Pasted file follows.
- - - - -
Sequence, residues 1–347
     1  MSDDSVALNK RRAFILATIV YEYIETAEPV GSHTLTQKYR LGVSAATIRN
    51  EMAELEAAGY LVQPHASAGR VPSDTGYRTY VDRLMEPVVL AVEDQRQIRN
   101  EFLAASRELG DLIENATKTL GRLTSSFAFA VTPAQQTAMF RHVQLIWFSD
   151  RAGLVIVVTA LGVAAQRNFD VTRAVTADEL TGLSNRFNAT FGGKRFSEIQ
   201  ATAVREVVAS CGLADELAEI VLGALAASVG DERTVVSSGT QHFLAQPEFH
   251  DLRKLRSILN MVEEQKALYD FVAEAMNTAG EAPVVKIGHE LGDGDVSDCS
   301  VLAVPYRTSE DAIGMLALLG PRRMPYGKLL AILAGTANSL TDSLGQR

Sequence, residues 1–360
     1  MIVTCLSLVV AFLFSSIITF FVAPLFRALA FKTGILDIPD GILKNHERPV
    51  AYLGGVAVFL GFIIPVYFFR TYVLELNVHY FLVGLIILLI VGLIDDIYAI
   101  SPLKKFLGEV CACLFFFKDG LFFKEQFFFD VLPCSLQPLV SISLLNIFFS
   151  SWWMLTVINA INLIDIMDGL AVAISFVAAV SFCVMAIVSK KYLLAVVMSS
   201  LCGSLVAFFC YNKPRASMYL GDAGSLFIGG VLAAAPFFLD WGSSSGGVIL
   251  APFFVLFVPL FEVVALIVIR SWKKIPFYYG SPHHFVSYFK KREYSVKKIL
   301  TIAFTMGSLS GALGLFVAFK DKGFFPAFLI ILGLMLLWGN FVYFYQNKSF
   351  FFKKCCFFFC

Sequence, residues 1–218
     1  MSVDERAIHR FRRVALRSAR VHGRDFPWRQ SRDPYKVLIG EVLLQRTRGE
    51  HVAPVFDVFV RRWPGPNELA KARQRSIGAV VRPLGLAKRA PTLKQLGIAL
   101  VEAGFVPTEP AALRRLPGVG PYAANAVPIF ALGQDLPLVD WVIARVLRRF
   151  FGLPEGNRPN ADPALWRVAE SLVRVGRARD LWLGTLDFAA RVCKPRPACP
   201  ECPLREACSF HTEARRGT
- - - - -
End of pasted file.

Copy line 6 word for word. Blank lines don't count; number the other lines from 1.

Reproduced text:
   201  ATAVREVVAS CGLADELAEI VLGALAASVG DERTVVSSGT QHFLAQPEFH